This time I met Dan the engineer. The arrangement was a little different. He had a large director's chair set up for me surrounded by lights and in front of the chair was a large monitor. When I sat down I noticed that I could see myself in the monitor. Dan wired me up (ear piece and microphone) and told me he would be back. He was going to "link up" with FOX. Within minutes I could hear the show in my earpiece. I was listening to the show when all of a sudden I hear, "Professor Slekar?" Yes. "Can you count to ten?" 1, 2, 3, ... "Great. You've been 'pushed.' You'll hear Gretchen in 30 seconds." I had no time to ask the one important question that Jody had told me about right away yesterday. Where was I supposed to look? Something told me I should not look at the monitor, but I wasn't sure. Then I heard, "Professor Slekar your interview was cut to 90 seconds." Huh? I was supposed to have 3 entire minutes. Didn't they know that I had been rehearsing this interview for 4 days now? How in the world was I supposed to cut down all I was going to say?
I hear the director counting down. I don't know where to look and my interview time is cut in half. The rest is now history. Check it out for yourself. Try not to get distracted by my shifty eyes. Remember, I had no idea where to look.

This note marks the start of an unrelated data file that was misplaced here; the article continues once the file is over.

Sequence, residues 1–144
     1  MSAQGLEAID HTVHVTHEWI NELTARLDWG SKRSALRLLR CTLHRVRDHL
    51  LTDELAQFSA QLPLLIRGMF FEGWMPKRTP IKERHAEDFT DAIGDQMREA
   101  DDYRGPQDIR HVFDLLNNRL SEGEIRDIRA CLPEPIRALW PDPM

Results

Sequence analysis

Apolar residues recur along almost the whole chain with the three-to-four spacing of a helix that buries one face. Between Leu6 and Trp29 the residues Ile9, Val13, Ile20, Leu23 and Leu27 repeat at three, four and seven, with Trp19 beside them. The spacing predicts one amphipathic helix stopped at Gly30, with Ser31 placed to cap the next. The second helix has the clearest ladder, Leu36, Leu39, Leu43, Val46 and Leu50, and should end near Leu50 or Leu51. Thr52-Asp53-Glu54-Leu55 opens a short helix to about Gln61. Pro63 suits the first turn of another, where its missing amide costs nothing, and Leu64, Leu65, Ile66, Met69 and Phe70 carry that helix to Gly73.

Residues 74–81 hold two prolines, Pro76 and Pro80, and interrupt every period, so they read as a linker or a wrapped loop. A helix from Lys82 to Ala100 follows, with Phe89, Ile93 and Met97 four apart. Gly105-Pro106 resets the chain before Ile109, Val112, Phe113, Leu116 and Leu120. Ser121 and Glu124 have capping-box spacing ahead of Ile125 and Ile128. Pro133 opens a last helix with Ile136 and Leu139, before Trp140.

So how did I do? Don't comment on the shifty eyes. However, considering all I had was 90 seconds, I think I was really able to jam in some important points. I'm sure this helped the NCLB boycott movement, because when I got back to my office I had a mess of emails from people all over America and 13 phone messages. All were positive and thanked me for taking a stand.
Well, even though this blog may seem a bit comical the reality is that our little movement against NCLB is really taking off. I just wished I would have had my other 90 seconds, because listed below are all of my "talking points."
- The boycott of NCLB is in support of public schools.
- My son is not a data point to be used by politicians and talking heads to prove that public schools are failing.
- NCLB is a system designed to prove that public schools are failures.
- Read Valerie Strauss, Diane Ravitch, Anthony Cody, and Alfie Kohn.
- Punitive systems do not work.
- We love our public schools. They are the bedrock of democracy in this country.
- The system doesn't measure what it says it does.
- Accountability is code for blame.
- Control for poverty and our scores beat international scores.
- High stakes testing seems to only be able to predict socioeconomic level.
- The new reformers need to spend an extended amount of time in schools.
- Tests weren't designed to evaluate teachers.
- A College dropout like Bill Gates and a second rate basketball player like Arne Duncan in charge of education policy, really?
- Where are the experts?
- The tests have sucked the life out of teaching and learning,
- NCLB is a failure. Achievement gap remains. NCLB narrows the curriculum. This is bad because a rich curriculum supports learning.
- Research, evidence, research, evidence.
- Participation in a system designed to prove that public schools are failing is unethical and I would hope offensive to anybody's religious values.
- Don't wait for superman. You already have super teachers. Support them!
So based on the interview and my talking points what did I miss or what do you wish I would have said?
Follow Timothy D. Slekar on Twitter: www.twitter.com/slekar